You’ve received the signed contract from a new client. Now what?
This is the most exciting time. You’ve worked incredibly hard to obtain a lead, nurtured them with the expertise your company offers, and now you’ve finally closed them. Your team has probably celebrated a bit, given a pat on the back to the sales team, and relished in knowing your company is growing. But this is just the beginning. Take a moment to celebrate, yes, but then know that what you do next is crucial in determining the health and stability of your client relationship.
Process Is Everything
Whether or not you have a process in place for what happens immediately after a new client signs can dictate the nature of your entire relationship. Sure, the exact cadence of a new client relationship takes some time to develop, but you need to have some process in place to start establishing consistent communication or you can quickly lose their trust. New clients still need to be “won over;” just because they’ve signed doesn’t mean they know what you can produce yet. Leaving them hanging by using vague language or not communicating quickly enough can make them feel uneasy.
What should a new client process entail? Here are 3 key factors:
- Start with a meeting to transfer all knowledge the sales team has of the client over to the team responsible for the deliverables.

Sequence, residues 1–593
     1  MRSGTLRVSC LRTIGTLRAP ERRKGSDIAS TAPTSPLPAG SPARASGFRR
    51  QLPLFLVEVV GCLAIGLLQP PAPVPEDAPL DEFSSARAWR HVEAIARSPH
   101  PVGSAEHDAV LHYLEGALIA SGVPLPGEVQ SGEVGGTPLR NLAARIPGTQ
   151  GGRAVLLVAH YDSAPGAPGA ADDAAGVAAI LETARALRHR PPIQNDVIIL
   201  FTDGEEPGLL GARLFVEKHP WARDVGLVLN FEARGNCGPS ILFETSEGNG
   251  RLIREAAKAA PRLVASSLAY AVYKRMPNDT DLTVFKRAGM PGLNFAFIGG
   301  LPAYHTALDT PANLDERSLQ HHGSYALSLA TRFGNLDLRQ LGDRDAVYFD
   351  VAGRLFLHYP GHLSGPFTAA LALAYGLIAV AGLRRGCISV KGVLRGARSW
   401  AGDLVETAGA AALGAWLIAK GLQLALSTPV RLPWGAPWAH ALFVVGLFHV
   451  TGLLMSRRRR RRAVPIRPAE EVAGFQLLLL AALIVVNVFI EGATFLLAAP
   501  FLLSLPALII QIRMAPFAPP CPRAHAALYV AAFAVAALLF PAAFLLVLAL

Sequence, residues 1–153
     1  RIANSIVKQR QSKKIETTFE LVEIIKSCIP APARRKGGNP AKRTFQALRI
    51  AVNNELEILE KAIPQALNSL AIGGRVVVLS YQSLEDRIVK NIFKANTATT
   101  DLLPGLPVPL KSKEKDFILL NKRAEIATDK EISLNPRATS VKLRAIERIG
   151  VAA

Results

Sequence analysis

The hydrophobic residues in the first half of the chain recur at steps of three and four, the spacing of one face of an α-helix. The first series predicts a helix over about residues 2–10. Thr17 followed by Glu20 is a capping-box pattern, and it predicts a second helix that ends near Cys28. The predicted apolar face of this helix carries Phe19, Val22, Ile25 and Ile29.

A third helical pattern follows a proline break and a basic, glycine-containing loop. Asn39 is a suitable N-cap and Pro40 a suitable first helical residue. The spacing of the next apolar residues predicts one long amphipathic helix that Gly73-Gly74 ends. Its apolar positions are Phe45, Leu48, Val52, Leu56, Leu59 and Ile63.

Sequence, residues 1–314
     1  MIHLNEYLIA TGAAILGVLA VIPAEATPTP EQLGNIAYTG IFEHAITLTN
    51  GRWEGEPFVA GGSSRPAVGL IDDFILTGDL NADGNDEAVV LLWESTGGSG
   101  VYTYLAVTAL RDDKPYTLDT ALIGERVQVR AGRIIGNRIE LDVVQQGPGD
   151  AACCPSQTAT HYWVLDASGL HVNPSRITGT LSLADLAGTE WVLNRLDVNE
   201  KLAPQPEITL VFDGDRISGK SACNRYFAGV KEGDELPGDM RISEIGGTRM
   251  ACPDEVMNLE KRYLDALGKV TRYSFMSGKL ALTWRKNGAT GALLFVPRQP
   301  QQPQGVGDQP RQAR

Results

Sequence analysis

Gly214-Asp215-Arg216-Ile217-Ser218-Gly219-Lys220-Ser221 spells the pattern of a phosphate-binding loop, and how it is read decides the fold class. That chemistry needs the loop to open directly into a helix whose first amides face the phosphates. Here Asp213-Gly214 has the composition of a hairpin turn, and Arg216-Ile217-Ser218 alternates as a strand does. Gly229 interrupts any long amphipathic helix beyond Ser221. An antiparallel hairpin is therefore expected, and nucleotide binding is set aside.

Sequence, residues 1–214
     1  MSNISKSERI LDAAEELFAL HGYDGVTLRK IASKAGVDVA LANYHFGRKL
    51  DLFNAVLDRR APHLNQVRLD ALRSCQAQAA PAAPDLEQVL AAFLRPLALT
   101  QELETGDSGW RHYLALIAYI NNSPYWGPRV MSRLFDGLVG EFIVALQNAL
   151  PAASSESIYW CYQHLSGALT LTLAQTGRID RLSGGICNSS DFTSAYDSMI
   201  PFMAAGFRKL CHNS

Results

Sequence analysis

- After they have all necessary information, set up a call to introduce the team to the client. At least one member of the sales team should be present to make the client feel at ease—not like they were just immediately shuffled off from the person they’ve gotten to know.
- After the meeting, the team should be fully equipped to start implementing initiatives for the client.
But that doesn’t mean the process is complete yet. Your client came to you expecting they’re hiring an expert. To prove you’re the expert, constant communication throughout the rest of your relationship will be key. Talking to your client every week—preferably on the phone, even if only for a few minutes—will assure them that they made the right choice by selecting you. Keep in mind that the cadence developed with the client should come from you, not the client. It can be tempting to go along with “whatever the client finds easiest” or “whatever the client wants.” But the truth is, they’ve come to you with a problem, and you’ve been hired to provide a solution. A specific process and constant communication is key to providing that solution.
As time goes on, on-boarding tasks are completed, and a relationship has been established, you’ll find that things begin to flow more naturally. But you can’t afford to get complacent; none of this can happen without a proactive process once you’ve signed that new client.
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